Now of course, particularly for smaller firms and teams, it might not be realistic to expect to call on these resource, but it is feasible to replicate their functions. There is a huge amount of insight available out there, both qualitative and quantitive, which is accessible and free. Client surveys (perhaps part of a key client quarterly review programme), market surveys (perhaps using a tool like survey monkey), reading the annual reports of clients, setting Google alerts for the names of your competitors and targets. Pulling together hard, factual information, synthesising and analysing it, can make a tremendous difference in the robustness of your plans.
Another thing that the special operations community do well at the planning stage is building in some independent challenge. In his book The Operators, Mike Ryan explains how the first stage of planning is typically for an IAP (Immediate Action Plan) to be drawn up – this is a basic outline that can be executed quickly if the need arises. It also then forms the basis of the more detailed OPLAN (Operational Plan), where the team assess multiple options before narrowing down and then ultimately deciding on the way forward. At this stage the plan is then passed to an independent board for review – the reviewers will be people from a similar backgound to the planners, but removed from the mission itself so they can give a sensible, but independent critique.
This seems to me to be a very sensible sanity check, but again how few firms and teams reach out to others elsewhere in the firm for an independent review? In all fairness, I suspect that one of the very pragmatic restrictions on law firm’s ability to plan effectively is the fact that planning itself is not a chargeable activity, and thus gets pushed down the list of priorities. If planning itself is not given much weight, it’s easy to imagine that critiquing another team’s plan isn’t going to get much head space.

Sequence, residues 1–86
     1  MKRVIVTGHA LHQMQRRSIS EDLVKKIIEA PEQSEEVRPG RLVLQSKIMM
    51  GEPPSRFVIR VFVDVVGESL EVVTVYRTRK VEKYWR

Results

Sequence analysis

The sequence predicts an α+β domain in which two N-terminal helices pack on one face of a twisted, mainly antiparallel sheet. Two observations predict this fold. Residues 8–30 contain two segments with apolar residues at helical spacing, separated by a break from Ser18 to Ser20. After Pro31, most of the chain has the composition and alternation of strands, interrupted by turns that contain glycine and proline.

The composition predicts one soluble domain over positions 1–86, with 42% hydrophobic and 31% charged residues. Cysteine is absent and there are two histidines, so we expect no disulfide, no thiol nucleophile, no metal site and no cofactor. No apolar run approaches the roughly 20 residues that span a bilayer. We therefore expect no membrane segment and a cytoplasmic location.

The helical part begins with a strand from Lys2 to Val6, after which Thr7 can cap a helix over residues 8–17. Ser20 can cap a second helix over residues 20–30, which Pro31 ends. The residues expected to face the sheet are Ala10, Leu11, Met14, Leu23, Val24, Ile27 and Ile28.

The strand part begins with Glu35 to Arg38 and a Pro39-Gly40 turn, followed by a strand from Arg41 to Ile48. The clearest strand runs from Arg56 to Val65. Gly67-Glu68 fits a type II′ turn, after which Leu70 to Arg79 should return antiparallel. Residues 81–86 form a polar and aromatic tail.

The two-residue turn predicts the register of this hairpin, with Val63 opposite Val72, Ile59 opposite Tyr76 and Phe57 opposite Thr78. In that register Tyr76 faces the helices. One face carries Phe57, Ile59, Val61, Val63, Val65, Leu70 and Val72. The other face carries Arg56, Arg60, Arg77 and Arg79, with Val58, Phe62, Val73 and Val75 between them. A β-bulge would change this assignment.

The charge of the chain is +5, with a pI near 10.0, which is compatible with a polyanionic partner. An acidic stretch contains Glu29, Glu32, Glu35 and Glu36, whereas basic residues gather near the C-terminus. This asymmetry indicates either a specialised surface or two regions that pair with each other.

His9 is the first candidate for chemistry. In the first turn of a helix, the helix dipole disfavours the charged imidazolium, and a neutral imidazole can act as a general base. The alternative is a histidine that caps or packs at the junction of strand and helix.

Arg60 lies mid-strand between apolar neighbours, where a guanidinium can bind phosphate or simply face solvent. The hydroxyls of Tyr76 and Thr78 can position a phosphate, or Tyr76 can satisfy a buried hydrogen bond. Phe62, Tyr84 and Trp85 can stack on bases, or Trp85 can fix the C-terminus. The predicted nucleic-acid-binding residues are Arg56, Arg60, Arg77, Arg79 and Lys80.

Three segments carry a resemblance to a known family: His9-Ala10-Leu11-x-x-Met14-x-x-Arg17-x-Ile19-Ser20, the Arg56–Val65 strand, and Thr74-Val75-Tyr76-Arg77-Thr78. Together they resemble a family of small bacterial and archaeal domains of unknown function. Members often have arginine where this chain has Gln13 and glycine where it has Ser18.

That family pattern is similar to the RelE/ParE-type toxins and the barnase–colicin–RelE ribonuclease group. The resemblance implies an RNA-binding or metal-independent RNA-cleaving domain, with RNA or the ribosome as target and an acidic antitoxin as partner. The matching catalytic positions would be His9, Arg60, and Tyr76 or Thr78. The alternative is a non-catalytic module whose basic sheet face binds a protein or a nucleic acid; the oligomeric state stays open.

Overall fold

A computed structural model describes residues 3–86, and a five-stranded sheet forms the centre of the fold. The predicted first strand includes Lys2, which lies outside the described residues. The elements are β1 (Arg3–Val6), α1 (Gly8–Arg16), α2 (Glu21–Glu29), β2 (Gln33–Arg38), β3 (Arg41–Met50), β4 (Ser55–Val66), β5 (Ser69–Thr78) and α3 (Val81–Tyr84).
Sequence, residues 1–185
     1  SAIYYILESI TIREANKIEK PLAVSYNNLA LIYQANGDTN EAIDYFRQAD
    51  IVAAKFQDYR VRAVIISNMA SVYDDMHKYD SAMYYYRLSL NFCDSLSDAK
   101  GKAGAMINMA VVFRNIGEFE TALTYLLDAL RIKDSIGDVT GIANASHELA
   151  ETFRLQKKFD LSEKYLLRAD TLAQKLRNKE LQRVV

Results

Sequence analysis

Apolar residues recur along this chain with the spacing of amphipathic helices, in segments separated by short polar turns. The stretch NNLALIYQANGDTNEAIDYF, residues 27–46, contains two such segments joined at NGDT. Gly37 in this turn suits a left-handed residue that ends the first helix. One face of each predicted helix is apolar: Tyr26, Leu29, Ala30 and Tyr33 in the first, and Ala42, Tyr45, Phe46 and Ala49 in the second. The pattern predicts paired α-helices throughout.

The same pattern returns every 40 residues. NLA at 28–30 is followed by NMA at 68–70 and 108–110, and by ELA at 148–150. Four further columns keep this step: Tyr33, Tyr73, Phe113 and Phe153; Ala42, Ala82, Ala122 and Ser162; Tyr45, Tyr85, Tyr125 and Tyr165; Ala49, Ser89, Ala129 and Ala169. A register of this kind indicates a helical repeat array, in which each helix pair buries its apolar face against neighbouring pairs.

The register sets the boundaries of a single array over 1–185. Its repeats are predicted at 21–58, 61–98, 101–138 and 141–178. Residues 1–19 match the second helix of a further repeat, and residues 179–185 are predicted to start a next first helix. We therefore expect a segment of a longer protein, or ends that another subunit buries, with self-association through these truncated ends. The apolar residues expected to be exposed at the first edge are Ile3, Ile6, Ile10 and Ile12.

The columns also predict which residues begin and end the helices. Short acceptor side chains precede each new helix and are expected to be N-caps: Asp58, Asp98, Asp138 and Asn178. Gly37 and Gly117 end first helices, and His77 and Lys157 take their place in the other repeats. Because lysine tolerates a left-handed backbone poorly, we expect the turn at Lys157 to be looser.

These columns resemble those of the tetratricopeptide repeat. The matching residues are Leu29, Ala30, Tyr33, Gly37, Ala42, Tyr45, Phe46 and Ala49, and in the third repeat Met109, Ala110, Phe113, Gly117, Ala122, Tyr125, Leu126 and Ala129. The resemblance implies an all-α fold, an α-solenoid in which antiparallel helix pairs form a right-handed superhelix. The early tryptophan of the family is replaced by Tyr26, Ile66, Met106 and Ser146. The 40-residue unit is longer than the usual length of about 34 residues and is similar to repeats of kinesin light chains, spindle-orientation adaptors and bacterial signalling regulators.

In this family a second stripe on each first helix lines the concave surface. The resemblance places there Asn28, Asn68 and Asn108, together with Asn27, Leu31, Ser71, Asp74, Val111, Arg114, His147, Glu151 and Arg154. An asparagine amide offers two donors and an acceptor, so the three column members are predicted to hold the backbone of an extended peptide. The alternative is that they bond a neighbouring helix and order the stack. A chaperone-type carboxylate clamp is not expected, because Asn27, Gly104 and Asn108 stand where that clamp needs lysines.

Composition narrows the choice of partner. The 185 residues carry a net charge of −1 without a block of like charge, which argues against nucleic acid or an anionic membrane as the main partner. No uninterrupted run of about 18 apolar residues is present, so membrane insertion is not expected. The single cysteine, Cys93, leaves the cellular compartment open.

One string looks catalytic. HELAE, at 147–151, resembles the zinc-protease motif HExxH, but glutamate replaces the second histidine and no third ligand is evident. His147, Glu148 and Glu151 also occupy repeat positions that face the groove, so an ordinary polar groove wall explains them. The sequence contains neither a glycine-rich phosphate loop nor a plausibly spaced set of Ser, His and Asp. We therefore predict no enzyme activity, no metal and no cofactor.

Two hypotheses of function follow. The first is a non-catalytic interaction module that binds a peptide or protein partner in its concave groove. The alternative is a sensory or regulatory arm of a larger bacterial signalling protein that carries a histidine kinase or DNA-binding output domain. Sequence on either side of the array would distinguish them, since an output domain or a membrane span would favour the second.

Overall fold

In weighing up the potential effectiveness of plans, Mcraven highlights two factors that I think are worth pulling out here. Firstly, simplicity of objectives. While the Bin Laden mission was far from simple, its primary objective was very clear. The operatives were not having to take decisions in the heat of combat to prioritise objectives or work out what was required for the mission to be a success. Contrast that with some law firm strategic or marketing plans that talk obliquely about their aims and goals, but lack the clarity for the lawyers and support staff tasked with executing them to be absolutely clear about what is required.
Secondly, Mcraven talks about the need for surprise and in particular the role of creativity in planning missions to generate this. I’ve written before about the need for creativity in law firms, but I think it’s instructive that even in such a rigid and formal planning environment as military special operations, the critical role of creativity is acknowledged. For those lawyers who believe that creativity has no place in the cold, hard world of legal practice, my suggestion would be to think again about this assumption.
There are of course a host of other reasons why special forces soldiers can achieve what they do – aside from the preparation and execution phases of the missions that I mentioned earlier, there’s no doubt that selection and training play a massive part in their success. Those are topics for another day, but if you implement some of the special forces discipline in your planning, I have no doubt that relative superiority in your market place can be achieved.
Now lock and load. (sorry, couldn’t resist that)
- The Man Who Got bin Laden: The Most Deadly Would-be Journalist in the World (battleland.blogs.time.com)